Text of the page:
APEC fortifies disaster risk management, strengthens local communities
- Issued by the Emergency Preparedness Working Group
Wellington, New Zealand, 21 June 2021
Senior disaster management officials from APEC member economies are intensifying regional cooperation in a bid to build a more resilient disaster risk reduction amidst the current pandemic, climate change and other exposures.
“Member economies have gained so much experience in terms of effectively responding to major disasters and dealing with risks on multiple fronts,” explained Xiaoning Zhang, co-chair of the APEC Emergency Preparedness Working Group.
“However, we need to improve our risk disaster governance to fit the current situation by encouraging risk-informed development strategies, improving disaster risk monitoring and early warning capacity for better risk identification so that we can response more comprehensively,” he added.
On top of the current COVID-19 pandemic, the region is continuing to experience high losses from a number of various natural events from typhoon, cyclones and floods to earthquakes, landslides, disease epidemics and plagues.
According to recent data presented at the APEC Senior Disaster Management Officials Forum in late May, total damages in the APEC region reached USD 116.9 billion in 2020. These costs have yet to include the amount for COVID-19 pandemic, which will be a complex exercise to uncover.
In the forum last month, APEC member economies shared disaster risk reduction policies and measures that are being implemented to manage the pandemic including emergency declarations, mask mandates, new guidelines and protocols for managing evacuation centers as well as new protocols for crossing borders amid travel restrictions.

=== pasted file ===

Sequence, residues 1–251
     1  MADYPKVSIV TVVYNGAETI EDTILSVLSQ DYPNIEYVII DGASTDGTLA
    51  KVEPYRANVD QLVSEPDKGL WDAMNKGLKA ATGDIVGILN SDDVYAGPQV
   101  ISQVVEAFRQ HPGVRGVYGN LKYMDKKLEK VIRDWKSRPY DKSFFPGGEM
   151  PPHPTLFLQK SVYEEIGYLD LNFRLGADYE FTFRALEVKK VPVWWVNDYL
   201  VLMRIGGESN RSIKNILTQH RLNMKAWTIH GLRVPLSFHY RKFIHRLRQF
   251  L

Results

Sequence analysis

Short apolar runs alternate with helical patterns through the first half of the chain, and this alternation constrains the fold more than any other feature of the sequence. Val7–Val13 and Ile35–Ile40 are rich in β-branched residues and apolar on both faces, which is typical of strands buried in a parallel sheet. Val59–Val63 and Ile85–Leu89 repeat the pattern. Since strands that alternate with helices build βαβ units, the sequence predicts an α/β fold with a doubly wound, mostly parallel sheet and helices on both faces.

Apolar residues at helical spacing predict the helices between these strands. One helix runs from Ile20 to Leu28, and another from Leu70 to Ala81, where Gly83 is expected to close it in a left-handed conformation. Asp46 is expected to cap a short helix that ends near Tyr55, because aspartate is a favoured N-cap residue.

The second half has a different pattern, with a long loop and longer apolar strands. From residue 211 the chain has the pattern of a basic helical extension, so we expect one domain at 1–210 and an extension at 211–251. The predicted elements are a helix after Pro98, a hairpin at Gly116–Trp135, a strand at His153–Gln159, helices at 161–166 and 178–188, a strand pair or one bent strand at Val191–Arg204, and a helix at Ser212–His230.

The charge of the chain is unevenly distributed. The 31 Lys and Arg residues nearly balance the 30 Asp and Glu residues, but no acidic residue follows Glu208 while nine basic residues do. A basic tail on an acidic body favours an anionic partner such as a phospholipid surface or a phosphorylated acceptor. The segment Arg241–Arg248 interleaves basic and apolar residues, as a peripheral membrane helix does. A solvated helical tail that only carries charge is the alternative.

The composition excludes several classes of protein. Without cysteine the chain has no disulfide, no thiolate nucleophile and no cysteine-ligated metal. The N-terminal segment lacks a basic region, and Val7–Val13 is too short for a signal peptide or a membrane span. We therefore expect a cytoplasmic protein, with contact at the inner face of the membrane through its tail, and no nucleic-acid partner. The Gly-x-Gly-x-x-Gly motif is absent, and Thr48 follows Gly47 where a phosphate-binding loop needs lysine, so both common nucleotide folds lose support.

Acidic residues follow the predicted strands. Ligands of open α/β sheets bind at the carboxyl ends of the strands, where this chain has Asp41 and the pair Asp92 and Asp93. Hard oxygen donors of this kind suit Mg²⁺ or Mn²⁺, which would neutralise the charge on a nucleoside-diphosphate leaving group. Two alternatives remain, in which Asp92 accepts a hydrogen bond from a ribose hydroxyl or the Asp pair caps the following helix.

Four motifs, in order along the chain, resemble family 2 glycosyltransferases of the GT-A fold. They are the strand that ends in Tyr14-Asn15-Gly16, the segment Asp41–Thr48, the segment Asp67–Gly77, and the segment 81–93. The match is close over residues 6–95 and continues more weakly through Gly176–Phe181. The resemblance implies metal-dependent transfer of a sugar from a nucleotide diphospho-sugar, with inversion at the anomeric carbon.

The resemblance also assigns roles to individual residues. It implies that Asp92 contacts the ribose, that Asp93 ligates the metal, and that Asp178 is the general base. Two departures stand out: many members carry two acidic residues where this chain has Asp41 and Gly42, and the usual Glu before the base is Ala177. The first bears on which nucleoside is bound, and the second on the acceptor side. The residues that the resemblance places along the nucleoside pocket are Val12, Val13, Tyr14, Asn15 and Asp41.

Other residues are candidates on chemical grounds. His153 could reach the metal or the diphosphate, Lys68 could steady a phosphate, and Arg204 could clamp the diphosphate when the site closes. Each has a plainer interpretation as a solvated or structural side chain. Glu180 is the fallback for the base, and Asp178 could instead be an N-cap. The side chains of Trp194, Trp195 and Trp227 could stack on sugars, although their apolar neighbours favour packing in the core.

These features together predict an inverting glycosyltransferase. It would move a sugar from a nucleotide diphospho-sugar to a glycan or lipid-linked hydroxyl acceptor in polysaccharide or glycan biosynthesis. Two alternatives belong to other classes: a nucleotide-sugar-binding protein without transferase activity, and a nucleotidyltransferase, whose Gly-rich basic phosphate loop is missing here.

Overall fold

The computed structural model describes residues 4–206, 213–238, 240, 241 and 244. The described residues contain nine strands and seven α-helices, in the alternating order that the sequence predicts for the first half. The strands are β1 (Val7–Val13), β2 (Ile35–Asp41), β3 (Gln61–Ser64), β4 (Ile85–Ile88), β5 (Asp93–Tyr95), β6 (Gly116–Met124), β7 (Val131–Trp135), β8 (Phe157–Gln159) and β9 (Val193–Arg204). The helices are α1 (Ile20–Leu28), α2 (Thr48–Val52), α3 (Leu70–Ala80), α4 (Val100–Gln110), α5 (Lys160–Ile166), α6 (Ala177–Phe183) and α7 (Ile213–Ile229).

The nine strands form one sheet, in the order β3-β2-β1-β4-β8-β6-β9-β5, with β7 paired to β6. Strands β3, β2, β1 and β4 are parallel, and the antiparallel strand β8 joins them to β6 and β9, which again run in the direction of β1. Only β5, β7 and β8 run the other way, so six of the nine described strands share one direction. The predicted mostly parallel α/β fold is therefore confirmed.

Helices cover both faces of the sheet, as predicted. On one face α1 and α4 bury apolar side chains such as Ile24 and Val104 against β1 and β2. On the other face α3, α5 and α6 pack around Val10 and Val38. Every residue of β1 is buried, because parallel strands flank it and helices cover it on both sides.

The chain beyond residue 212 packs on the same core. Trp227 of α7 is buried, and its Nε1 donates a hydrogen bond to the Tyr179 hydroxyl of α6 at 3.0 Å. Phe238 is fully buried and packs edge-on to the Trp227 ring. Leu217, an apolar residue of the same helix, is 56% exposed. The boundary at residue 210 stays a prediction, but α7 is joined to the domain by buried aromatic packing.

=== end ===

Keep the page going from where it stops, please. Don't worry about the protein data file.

Despite all that, challenges remain high. The region’s emergency management capability and capacity has been stretched to unprecedented levels, making the reliance on local communities more important than ever before.
Members are looking at collective investment in resilience measures across the region, including empowering local communities to act during disaster, especially when there are lockdown measures that prevent workers like first responders from travel.
In her keynote remarks at the forum, Jenna Rogers of the New Zealand National Emergency Management Emergency highlighted that events such as COVID-19 showcase how vulnerable the region is to these complex hazards.
“Complex hazards, both known and unknown, exacerbate risks for the region,” Rogers said. “Therefore, it necessitates collective investment in resilience measures and cooperation across APEC to protect the economies.”
“Disasters are a significant contingent liability for our prosperity, our economic growth and development aspirations at all levels and we need to be smarter at reducing the impacts and costs from these disasters as we are experiencing exacerbated frequency and severity of natural hazards as a result of climate change,” she added.
“Disaster reduction is a cross-cutting issue in our economy,” said Koji Suzuki, co-chair of the APEC Emergency Preparedness Working Group. “We must empower our communities, promote a whole-society approach to ensure everyone has a role to play in building disaster resilience.”
“It is crucial for member economies to develop joint strategies between government agencies and the private sector, as well as foster more international cooperation to track progress, build trust and share best practices in managing and reducing risks in the region,” Suzuki added.
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